“Am getting off track, due to tired, due to those fighting cats.”

Source: The New Yorker
Published: Oct 8, 2012
Length: 35 minutes (8,979 words)

Tenth of December

[Fiction] The pale boy with unfortunate Prince Valiant bangs and cublike mannerisms hulked to the mudroom closet and requisitioned Dad’s white coat. Then requisitioned the boots he’d spray-painted white. Painting the pellet gun white had been a no. That was a gift from Aunt Chloe. Every time she came over he had to haul it out so she could make a big stink about the woodgrain.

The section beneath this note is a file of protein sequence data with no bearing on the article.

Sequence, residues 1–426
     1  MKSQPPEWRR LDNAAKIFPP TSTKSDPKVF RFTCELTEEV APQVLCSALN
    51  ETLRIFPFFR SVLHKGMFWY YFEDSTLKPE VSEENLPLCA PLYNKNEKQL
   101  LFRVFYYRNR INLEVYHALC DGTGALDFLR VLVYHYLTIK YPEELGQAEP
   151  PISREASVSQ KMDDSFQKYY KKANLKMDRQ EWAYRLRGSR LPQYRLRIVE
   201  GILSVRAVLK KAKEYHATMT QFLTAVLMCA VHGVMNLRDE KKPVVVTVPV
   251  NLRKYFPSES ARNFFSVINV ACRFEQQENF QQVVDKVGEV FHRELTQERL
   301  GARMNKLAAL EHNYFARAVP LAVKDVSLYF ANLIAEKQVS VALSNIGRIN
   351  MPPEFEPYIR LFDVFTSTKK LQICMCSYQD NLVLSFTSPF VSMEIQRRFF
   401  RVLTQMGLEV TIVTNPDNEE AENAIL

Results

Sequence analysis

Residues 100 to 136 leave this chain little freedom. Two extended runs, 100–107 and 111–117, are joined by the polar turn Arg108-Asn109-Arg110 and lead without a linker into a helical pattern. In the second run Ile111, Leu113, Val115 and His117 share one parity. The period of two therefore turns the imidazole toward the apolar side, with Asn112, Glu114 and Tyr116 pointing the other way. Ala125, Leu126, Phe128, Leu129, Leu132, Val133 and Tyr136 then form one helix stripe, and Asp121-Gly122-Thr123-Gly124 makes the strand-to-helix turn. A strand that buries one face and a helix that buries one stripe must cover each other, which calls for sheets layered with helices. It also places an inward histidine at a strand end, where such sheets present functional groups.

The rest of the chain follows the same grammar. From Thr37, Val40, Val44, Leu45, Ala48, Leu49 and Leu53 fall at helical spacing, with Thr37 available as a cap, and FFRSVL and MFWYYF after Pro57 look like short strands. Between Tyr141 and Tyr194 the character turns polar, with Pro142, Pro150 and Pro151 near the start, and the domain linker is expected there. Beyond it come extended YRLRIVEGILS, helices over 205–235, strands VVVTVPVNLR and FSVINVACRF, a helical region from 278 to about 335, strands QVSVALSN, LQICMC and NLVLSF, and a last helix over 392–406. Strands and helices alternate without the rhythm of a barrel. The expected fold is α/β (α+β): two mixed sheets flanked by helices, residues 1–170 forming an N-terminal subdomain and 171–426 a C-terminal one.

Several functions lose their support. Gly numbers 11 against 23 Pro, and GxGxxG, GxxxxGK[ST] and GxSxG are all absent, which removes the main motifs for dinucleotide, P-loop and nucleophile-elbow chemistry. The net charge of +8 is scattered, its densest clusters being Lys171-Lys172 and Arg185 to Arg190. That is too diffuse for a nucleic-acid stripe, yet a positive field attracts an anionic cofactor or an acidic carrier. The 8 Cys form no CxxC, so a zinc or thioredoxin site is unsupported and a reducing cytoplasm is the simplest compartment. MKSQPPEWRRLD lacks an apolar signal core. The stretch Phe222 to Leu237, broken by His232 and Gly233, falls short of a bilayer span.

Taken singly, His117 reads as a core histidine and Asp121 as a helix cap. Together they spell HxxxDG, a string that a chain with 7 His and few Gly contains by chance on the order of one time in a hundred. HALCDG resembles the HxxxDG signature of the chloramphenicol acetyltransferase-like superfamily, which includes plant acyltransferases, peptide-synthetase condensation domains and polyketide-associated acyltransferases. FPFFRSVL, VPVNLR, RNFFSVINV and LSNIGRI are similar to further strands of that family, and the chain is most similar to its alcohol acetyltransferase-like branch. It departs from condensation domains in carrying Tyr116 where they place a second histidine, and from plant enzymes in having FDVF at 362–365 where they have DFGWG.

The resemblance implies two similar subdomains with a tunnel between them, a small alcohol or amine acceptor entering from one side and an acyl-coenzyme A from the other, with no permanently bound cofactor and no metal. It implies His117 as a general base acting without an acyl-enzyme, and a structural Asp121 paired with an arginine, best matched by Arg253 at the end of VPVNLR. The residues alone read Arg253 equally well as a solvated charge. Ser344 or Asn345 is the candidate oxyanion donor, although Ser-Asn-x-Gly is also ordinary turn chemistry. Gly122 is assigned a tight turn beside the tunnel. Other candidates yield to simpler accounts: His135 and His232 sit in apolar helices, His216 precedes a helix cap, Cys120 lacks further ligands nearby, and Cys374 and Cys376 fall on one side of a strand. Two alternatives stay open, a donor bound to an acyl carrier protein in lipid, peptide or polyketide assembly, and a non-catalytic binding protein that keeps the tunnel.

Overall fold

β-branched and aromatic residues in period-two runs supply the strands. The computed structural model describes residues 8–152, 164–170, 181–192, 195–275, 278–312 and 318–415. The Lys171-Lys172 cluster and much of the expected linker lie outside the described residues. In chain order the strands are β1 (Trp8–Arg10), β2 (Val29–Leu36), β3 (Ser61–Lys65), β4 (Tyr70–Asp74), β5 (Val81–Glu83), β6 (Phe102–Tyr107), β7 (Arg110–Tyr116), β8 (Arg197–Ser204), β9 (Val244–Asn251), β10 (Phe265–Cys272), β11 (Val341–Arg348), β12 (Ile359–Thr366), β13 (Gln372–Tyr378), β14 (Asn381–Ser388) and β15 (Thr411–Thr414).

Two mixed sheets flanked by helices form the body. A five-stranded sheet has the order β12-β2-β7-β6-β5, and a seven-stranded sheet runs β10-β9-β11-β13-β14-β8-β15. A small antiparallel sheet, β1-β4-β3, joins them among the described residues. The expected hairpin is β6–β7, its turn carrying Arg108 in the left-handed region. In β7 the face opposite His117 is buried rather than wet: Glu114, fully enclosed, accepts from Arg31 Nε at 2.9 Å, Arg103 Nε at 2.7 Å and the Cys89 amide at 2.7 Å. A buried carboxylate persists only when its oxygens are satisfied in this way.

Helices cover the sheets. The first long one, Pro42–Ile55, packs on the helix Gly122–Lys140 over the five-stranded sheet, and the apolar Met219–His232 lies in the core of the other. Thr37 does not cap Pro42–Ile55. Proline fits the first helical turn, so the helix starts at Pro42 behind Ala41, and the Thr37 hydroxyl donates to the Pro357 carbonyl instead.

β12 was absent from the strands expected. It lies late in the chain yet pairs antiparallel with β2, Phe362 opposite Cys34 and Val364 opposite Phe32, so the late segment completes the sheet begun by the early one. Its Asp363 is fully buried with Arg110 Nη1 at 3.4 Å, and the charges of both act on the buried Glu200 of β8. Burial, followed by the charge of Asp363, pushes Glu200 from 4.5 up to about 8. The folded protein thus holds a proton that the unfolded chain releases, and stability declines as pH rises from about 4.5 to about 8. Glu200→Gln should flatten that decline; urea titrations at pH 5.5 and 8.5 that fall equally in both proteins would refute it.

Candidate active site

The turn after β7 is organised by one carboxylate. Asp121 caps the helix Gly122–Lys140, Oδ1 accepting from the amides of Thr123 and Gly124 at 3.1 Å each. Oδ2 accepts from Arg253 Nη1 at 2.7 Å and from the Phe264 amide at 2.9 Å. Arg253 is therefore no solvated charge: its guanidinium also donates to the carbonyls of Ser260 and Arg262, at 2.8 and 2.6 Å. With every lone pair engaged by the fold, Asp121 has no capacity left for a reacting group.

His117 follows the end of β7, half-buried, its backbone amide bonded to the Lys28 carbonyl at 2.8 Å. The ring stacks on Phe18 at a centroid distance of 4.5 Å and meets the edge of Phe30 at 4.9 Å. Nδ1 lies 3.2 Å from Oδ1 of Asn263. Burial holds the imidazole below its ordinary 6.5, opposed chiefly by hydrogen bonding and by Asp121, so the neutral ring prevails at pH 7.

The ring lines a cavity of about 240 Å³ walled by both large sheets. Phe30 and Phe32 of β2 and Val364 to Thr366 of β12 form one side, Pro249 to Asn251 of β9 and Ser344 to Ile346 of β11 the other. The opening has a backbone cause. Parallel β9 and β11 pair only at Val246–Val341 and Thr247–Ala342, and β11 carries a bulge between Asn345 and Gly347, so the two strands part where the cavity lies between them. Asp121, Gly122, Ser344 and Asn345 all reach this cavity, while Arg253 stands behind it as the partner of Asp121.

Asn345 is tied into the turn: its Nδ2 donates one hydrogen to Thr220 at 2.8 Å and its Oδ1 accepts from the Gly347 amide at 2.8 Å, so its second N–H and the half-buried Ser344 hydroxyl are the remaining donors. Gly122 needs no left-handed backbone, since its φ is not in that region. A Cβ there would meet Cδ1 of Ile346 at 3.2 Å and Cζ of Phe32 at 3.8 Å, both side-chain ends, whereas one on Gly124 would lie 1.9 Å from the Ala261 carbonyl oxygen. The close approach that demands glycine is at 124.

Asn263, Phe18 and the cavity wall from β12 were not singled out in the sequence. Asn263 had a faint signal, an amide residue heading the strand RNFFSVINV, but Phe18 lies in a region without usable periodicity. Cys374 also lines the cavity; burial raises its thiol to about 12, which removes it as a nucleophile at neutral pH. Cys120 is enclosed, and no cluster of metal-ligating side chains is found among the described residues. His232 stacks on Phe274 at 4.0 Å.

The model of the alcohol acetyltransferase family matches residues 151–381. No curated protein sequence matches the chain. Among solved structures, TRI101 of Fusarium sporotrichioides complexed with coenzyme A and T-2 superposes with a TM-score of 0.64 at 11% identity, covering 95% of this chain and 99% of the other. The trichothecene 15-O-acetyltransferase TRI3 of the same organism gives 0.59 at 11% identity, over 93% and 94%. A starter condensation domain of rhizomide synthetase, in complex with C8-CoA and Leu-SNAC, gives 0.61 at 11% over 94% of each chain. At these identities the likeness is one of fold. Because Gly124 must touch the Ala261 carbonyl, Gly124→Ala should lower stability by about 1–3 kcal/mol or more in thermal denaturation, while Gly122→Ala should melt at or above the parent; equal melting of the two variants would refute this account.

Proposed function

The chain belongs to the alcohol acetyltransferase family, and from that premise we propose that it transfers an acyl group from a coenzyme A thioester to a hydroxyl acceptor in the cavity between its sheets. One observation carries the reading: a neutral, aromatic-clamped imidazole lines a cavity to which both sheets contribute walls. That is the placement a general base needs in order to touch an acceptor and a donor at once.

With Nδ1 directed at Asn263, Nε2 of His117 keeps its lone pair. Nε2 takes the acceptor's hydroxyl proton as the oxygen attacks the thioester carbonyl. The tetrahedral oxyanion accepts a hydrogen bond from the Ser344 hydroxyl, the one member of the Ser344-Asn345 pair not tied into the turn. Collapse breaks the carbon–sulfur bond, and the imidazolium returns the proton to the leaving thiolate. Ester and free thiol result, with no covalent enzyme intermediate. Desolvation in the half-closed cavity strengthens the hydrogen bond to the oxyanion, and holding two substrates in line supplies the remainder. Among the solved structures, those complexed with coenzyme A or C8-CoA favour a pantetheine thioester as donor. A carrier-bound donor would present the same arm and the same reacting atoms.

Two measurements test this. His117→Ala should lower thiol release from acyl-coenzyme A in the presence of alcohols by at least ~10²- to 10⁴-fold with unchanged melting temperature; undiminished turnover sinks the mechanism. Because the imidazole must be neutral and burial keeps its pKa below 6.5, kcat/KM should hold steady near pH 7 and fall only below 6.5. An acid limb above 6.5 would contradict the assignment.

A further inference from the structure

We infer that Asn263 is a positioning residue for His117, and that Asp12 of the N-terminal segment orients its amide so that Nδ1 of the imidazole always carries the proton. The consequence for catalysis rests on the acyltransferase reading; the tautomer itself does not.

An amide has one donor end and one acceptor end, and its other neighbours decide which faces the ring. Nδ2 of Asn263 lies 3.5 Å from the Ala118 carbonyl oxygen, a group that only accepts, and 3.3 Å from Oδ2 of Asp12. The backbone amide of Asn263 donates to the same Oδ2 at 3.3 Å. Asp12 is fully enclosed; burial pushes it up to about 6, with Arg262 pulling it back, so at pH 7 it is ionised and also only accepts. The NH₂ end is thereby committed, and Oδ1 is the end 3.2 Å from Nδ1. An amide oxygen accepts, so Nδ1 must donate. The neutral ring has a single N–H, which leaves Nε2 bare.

Source: New Yorker
Published: Oct 31, 2011
Length: 35 minutes (8,872 words)

Escape from Spiderhead

(Fiction) “He added some Verbaluce™ to the drip, and soon I was feeling the same things but saying them better. The garden still looked nice. It was like the bushes were so tight-seeming and the sun made everything stand out? It was like any moment you expected some Victorians to wander in with their cups of tea. It was as if the garden had become a sort of embodiment of the domestic dreams forever intrinsic to human consciousness.”

Source: The New Yorker
Published: Dec 20, 2010
Length: 29 minutes (7,390 words)